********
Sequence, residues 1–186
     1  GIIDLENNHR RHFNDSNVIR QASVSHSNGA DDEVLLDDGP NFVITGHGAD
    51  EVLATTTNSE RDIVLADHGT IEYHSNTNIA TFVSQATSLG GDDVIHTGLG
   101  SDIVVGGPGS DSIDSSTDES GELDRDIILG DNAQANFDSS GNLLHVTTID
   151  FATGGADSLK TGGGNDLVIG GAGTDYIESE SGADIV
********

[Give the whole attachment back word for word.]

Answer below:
Sequence, residues 1–186
     1  GIIDLENNHR RHFNDSNVIR QASVSHSNGA DDEVLLDDGP NFVITGHGAD
    51  EVLATTTNSE RDIVLADHGT IEYHSNTNIA TFVSQATSLG GDDVIHTGLG
   101  SDIVVGGPGS DSIDSSTDES GELDRDIILG DNAQANFDSS GNLLHVTTID
   151  FATGGADSLK TGGGNDLVIG GAGTDYIESE SGADIV